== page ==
South of the border, it’s set to air Tuesdays on Fox following “Glee” and another new sitcom, “Raising Hope.”

But here, Beggs says each of the big Canadian networks are already stacked with established series.

“It’s just a unique function of the Canadian scheduling,” says Beggs. “They’re all challenged by their schedule.”

He said a natural home would be Global Television, which snapped up another season of “Glee” along with “Raising Hope” as a package deal earlier this year.

The problem is that Global is shelving “Raising Hope” so it can follow “Glee” with the established hour-long dramas “NCIS: Los Angeles” and “The Good Wife,” Beggs says.

“There’s a whole bunch of things that are already kind of in these key slots,” he says.

“Obviously, we’re working hard to find the right home, we want to stay on broadcast. We may have to take our chances a little bit to see what shows fall out, hopefully not ours.”

Maple Pictures co-president Brad Pelman, tasked with finding a distribution deal in Canada, says if other half-hour shows don’t succeed this fall, “Running Wilde” could end up on the schedule, albeit belatedly.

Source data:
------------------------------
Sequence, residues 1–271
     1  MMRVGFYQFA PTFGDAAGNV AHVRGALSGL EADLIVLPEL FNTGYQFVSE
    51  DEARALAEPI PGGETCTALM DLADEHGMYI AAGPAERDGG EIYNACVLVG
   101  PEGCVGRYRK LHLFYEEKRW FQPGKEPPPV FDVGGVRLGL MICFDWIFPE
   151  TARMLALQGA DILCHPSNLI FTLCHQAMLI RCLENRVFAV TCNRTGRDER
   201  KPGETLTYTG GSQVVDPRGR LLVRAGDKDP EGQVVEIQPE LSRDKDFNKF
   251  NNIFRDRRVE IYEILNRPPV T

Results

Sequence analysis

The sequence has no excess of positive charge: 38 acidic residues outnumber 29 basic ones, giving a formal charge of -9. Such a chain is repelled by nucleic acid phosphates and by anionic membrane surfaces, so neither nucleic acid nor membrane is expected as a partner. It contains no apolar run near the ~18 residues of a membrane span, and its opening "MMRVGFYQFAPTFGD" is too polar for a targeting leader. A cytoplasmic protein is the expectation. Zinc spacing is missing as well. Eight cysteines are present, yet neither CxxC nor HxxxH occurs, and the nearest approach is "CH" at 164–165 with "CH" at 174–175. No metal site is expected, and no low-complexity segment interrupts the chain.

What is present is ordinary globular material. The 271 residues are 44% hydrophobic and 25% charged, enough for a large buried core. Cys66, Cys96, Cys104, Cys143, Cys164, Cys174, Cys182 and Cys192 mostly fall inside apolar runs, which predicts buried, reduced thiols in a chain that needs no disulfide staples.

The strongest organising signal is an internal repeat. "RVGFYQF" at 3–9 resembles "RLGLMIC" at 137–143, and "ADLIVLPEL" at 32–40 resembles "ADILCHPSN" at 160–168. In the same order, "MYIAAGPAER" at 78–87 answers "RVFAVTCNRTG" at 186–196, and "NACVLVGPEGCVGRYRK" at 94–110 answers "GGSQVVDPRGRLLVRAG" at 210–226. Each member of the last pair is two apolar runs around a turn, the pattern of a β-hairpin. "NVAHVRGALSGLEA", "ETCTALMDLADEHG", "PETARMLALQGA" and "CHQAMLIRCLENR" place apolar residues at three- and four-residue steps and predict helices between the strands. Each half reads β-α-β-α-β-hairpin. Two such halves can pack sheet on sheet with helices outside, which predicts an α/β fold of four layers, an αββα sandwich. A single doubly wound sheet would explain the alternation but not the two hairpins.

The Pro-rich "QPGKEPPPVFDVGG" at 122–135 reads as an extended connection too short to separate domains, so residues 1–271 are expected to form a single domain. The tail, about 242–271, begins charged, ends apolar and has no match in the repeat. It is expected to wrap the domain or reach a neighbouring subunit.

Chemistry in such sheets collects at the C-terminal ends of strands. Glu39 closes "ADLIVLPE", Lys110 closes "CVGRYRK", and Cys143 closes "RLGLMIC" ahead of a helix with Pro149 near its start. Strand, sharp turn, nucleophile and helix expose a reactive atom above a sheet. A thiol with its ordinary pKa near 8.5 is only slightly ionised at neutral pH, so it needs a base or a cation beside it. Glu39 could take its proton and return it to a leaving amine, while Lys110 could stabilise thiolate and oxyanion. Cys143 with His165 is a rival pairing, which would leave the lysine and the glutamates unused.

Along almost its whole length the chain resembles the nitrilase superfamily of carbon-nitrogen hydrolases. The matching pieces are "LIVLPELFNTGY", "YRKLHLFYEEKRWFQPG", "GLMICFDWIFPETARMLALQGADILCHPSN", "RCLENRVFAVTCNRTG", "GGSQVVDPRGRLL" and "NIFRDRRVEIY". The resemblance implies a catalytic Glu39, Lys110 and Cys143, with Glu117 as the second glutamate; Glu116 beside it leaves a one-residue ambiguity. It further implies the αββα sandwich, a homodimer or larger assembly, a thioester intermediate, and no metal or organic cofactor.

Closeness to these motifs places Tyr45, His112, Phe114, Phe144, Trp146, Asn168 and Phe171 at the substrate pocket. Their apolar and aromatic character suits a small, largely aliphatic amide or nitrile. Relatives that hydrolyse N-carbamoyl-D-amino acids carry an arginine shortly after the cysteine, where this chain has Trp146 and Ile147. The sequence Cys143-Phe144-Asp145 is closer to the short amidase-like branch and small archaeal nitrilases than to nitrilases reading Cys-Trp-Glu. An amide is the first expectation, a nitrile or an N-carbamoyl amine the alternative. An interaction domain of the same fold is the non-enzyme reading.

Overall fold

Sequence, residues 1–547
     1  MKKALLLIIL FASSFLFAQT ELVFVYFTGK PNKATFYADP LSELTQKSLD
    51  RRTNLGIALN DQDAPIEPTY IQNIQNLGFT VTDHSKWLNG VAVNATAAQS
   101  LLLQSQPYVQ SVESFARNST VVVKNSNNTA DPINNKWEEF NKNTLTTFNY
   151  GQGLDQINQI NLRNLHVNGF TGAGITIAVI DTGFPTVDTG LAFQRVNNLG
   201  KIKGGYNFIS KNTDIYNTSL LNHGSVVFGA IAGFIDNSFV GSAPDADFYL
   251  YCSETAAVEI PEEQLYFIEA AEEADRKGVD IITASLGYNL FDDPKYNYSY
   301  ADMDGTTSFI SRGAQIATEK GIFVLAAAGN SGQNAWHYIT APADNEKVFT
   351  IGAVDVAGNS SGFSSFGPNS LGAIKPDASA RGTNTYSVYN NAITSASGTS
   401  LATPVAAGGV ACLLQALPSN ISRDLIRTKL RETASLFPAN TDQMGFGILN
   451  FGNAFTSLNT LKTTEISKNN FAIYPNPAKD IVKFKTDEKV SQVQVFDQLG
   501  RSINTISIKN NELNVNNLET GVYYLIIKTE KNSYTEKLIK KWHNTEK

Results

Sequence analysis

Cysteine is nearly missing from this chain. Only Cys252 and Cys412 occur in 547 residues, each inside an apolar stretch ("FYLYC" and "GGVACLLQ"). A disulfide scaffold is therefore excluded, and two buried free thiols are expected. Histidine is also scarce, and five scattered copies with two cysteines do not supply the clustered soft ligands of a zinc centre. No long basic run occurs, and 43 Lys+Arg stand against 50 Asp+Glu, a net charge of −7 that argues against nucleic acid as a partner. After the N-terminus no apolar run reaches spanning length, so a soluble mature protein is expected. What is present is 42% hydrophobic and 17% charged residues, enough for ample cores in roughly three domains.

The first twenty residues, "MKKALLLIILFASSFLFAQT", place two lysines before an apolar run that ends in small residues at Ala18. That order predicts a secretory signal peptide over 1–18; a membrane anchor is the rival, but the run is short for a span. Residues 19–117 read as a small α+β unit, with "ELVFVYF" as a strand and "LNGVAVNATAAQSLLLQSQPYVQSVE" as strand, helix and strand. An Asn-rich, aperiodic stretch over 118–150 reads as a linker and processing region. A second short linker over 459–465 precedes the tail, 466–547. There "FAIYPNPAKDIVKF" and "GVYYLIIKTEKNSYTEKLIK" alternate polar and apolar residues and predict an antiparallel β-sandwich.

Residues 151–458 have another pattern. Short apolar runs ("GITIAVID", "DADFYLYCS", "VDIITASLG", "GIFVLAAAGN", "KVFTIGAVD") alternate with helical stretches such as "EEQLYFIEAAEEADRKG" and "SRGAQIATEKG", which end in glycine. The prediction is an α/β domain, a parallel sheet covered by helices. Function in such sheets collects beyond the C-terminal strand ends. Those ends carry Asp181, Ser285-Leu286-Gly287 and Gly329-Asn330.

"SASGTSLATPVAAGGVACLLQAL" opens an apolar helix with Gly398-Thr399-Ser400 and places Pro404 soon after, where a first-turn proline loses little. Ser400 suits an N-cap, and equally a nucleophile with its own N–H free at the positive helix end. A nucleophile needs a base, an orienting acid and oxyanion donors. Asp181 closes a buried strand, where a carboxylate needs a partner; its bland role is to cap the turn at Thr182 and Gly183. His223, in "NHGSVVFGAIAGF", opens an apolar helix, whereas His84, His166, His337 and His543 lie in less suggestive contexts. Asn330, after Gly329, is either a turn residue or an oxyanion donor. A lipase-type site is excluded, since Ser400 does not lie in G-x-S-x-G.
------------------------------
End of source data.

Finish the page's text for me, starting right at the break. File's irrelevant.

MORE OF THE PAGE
“If the show becomes a hit, all of the networks are going to be back all over me to try to get the second or third week in,” says Pelman.

“It happens from time to time that shows are airing in the U.S. and not in Canada on a simulcast basis. They can get pre-release (air a day or two earlier) or they’ll end up coming in a couple days later.”

“‘American Idol,’ for instance, did not air in Canada on a simulcast basis until it became the juggernaut hit that it became.”

Source: The Canadian Press

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Your email address will not be published. Required fields are marked *